After a marathon 53 months (!!), ITAC eventually rejected Nature’s Garden’s application to increase the duties on frozen vegetables from 10% to 37%. Here is what happened.
On 14 June 2018, Nature’s Garden filed an application with ITAC for the duty increase. 8 months later, on 22 February 2019, ITAC initiated the investigation. We don’t yet know when, but at some point between 2019 and now, ITAC recommended that the duties be increased. Minster Patel referred the matter back to the Commission because he was concerned with the price impact of the duty increase. We will revisit this public interest action shortly, so stick with me. Specifically, the Minister was understandably concerned by “the impact of any potential increase in the duty on the Lower Segment Market and the possible impact on food inflation.” ITAC did as the Minister asked and resubmitted their findings to the Minister for his consideration. We don’t know what they recommended this time around but the duty increase request was rejected. It doesn’t end here though, as the Minister instructed ITAC to review the duties on frozen vegetables in nine months time (April 2024) and send him their recommendation once completed, presumably in less than 53 months.
It still takes too long
According to ITAC, a tariff investigation should be wrapped up within six months of initiation. This is a perfectly achievable objective, but instead it takes on average 22 months and if you are Nature’s Garden, it took 53 months for this to wrap up (47 months overdue). The information submitted by Nature’s Garden went back to 2015 (8 years old when the investigation concluded – Zuma was still president!). It is not clear at all how a decision could be considered reasonable when its based on information of such a mature vintage.
When Minister Patel rejected the application he noted that the import volumes had been dropping anyways, so there was no reason to have the duty, but this misses the important increase in import volumes in 2019 and 2020, which were left unattended because of the glacial pace of decision-making. I don’t know if the application had merit, but in theory, the duties could have increased and decreased in the time it took. This is what an agile trade policy is all about.
Reciprocal agreement not to Nature’s garden’s liking?
An important new-ish, but now normal, component to tariff investigations are reciprocal agreements. If you want a duty change, you need to ‘give’ something in return (Minister Patel quaintly refers to this as a bring and braai). The something might be more jobs, training, additional investment and so on. If agreement cannot be reached, the concession is presumably not given. These agreements are confidential, making it impossible to determine the positive (or not) economic impact of the terms in the agreement. In this case, we don’t know if the reason for the rejection of Nature’s Garden’s application is because it had no merit or because they refused to sign the reciprocal agreement.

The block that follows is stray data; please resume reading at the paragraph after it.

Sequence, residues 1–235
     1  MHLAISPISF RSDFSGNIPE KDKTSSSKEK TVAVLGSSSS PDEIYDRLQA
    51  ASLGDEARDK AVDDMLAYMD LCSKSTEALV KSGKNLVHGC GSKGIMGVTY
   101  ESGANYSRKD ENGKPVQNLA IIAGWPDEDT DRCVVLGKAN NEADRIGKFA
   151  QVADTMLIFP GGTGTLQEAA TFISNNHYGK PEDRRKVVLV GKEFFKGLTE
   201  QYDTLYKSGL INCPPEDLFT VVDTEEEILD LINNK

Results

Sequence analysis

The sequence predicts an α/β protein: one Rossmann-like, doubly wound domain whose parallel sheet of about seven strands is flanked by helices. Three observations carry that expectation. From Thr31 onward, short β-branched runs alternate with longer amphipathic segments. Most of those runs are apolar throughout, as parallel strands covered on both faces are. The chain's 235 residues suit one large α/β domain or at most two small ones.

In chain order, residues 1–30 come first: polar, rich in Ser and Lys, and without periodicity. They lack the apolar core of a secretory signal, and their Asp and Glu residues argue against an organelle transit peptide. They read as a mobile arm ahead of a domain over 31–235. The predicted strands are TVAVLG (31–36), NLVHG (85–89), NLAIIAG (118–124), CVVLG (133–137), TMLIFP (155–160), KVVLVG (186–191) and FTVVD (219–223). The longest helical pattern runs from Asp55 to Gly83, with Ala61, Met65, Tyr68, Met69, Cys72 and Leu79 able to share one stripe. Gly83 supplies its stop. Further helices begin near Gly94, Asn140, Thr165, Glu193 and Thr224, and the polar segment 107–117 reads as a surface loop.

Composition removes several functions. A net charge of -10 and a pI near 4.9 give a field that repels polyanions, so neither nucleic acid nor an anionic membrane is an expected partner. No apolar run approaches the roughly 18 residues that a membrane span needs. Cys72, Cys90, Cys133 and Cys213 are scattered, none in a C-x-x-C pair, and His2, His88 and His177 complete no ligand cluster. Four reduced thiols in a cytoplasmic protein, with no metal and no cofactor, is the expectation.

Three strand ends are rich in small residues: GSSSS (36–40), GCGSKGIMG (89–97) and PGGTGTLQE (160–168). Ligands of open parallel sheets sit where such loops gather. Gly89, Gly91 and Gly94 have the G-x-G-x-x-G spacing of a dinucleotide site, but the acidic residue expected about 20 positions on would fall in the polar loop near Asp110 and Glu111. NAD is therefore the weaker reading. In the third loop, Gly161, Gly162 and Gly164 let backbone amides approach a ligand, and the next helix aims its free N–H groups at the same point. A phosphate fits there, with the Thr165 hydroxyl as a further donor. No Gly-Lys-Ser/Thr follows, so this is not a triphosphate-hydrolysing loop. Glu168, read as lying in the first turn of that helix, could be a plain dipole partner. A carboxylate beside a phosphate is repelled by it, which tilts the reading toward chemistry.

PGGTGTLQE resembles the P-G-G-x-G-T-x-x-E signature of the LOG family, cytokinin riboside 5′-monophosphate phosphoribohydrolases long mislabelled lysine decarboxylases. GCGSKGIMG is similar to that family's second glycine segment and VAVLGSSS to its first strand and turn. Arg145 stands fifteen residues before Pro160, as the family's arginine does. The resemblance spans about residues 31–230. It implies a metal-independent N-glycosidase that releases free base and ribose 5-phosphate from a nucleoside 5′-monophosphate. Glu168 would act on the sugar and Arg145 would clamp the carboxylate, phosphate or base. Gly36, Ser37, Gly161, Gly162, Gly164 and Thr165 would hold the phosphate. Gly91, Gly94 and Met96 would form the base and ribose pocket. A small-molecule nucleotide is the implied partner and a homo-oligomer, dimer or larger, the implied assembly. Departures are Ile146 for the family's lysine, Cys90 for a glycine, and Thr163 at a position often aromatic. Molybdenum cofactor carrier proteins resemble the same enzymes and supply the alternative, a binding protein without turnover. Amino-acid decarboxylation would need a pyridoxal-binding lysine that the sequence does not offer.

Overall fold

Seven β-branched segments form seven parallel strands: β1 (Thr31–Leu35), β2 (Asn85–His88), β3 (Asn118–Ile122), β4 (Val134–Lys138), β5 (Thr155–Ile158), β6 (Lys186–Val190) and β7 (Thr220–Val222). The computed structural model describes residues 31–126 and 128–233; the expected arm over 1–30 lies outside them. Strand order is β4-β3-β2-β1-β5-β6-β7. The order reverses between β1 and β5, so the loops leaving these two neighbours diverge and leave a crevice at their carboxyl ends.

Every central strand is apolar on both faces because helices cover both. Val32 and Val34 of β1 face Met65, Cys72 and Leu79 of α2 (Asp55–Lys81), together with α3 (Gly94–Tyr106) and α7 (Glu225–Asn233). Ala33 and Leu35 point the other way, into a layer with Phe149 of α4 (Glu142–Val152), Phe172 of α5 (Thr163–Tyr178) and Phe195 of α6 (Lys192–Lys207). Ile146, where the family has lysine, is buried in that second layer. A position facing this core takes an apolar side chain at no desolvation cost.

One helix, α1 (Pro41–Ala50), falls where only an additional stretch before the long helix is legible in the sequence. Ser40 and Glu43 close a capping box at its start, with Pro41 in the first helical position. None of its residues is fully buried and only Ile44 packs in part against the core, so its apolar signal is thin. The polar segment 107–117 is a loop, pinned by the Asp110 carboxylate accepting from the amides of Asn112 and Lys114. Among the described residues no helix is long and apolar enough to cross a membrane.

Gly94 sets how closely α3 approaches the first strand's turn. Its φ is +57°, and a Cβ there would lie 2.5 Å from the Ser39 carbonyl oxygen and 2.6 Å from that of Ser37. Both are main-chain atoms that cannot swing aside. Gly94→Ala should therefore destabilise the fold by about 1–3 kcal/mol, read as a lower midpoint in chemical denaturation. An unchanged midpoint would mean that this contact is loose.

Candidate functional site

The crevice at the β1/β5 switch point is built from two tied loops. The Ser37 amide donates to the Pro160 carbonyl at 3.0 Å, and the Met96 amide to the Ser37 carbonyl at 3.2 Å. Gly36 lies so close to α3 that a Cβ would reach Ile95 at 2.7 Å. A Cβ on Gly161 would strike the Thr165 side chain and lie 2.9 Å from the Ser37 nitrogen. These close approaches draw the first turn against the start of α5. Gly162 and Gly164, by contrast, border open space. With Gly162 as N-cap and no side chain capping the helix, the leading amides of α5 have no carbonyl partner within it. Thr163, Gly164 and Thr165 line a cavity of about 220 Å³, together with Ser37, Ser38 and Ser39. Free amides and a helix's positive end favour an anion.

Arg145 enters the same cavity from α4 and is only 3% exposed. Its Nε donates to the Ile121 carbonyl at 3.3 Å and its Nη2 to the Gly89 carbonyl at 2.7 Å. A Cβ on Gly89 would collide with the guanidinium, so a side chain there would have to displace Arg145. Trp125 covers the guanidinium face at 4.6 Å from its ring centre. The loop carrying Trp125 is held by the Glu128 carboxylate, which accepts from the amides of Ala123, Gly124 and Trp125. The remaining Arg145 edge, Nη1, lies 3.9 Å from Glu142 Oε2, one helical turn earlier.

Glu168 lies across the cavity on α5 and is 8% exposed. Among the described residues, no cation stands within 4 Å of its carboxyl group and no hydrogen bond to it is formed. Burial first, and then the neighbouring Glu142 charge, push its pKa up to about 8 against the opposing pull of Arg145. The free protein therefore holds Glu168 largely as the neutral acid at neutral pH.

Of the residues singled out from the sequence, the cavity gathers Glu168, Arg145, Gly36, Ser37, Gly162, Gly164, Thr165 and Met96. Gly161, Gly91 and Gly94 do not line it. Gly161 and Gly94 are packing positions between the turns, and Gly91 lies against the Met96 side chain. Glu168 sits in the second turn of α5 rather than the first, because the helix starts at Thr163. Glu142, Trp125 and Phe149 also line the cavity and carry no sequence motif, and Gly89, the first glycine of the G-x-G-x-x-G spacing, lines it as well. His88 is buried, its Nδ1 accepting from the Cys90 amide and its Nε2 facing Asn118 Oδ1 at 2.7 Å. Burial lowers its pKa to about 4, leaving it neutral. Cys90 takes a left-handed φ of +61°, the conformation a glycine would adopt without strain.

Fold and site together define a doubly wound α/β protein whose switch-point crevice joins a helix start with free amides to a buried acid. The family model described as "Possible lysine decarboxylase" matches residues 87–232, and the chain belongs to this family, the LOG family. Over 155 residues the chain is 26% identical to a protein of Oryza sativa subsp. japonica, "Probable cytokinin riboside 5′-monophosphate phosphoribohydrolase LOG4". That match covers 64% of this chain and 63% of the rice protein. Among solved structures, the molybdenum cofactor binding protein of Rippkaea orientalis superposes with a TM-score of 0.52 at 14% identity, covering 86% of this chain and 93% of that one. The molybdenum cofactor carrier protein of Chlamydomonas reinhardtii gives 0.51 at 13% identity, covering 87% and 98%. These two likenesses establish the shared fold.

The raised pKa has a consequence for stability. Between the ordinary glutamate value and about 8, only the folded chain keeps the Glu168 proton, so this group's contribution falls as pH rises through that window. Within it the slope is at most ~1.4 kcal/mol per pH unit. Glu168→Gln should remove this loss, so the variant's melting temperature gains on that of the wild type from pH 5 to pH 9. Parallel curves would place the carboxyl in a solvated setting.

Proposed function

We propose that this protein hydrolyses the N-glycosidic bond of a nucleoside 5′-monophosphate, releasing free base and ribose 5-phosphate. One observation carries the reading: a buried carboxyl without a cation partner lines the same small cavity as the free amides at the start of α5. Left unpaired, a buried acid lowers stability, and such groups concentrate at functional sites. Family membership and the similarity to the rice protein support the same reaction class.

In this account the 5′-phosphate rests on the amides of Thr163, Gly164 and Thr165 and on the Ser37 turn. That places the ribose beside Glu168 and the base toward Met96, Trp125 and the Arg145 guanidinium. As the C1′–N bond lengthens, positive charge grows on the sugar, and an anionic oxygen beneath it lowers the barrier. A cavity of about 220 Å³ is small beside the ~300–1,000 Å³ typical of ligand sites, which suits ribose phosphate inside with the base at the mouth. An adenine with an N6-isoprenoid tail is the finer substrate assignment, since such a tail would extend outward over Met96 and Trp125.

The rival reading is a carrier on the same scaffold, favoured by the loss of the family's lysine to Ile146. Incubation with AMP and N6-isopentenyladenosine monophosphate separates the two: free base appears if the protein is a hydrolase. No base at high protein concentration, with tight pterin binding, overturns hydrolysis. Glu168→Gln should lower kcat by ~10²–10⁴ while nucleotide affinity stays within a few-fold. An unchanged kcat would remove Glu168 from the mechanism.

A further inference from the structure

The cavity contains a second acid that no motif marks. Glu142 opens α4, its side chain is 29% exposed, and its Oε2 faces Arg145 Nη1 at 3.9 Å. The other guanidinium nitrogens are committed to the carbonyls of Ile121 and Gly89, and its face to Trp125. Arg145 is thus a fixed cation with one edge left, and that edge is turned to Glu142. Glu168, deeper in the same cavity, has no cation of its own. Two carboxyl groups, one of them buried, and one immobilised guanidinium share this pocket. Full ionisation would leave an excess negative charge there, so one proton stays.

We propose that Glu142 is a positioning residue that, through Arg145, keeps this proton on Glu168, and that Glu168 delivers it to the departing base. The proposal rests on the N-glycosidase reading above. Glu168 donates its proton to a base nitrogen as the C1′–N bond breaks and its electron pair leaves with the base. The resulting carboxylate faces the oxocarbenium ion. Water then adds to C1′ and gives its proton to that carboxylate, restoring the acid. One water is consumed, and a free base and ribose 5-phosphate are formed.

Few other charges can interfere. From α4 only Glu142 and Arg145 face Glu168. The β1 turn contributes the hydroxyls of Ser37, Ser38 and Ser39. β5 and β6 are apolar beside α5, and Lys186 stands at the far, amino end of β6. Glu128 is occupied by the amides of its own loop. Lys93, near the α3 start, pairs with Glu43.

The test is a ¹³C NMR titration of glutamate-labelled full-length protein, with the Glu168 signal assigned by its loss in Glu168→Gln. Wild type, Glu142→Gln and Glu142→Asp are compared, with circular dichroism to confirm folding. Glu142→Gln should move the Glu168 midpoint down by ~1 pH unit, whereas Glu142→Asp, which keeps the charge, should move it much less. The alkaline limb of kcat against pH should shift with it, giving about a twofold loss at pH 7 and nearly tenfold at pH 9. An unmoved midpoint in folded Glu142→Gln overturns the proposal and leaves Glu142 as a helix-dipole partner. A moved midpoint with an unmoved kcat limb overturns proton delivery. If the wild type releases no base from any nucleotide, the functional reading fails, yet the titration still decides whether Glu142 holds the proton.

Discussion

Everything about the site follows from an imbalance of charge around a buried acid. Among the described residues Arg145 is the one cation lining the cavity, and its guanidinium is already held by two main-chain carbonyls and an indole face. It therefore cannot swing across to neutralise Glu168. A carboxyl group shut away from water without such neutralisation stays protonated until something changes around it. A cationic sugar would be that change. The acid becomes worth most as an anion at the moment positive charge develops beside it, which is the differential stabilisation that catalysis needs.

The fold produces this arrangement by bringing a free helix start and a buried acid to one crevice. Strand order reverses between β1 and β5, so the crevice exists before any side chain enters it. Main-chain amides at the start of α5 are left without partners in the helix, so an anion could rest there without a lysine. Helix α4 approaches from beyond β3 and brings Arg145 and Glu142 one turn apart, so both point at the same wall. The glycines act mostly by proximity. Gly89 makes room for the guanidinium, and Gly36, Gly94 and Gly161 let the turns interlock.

Whilst an argument could perhaps be made for keeping the specific terms of the agreement confidential, I believe it essential that ITAC record if an agreement was signed, or not, and how this impacted the final decision.
Earlier this year, I wrote about South Africa’s shift to a more considered trade policy. The current decision, though somewhat tardy, serves to reemphasise this more nuanced use of trade policy instruments. In the space of less than a year, we now have four decisions where the Minister, just like Spiderman, used his great powers with great responsibility. First was the decision to postpone imposing anti-dumping duties on chicken for a year, secondly, to proactively review the duties on rolled aluminium, then to refuse to impose anti-dumping duties on steel chain from China and now the refusal to increase the duties on frozen vegetables. In less than 12 months, Minister Patel has taken more brave steps to creating a more useful set of trade policy instruments, than in the prior 20 years.
However, I believe he erred when imposing the anti-dumping duties on frozen chips, given the enormous inflation on that product. Ironically, of the three food items the Minister took a decision on, only chips is zero-rated for VAT purposes. Chips remain in short supply, pushing up the prices. Given the shortages, the imposition of the duty appears to benefit only the producers who can escalate their prices even further on their still insufficient volumes.
XA’s import duty investigation index
As always, XA monitors what is going on and is working to see how these backlogs can be resolved so we don’t completely lose the use of duty changes as a vital trade policy instrument. In August we will publish our third Import Duty Investigation Report. Click here to download our last two reports and if you subscribe to our blog, you’ll be invited to our launch in August of volume 3!
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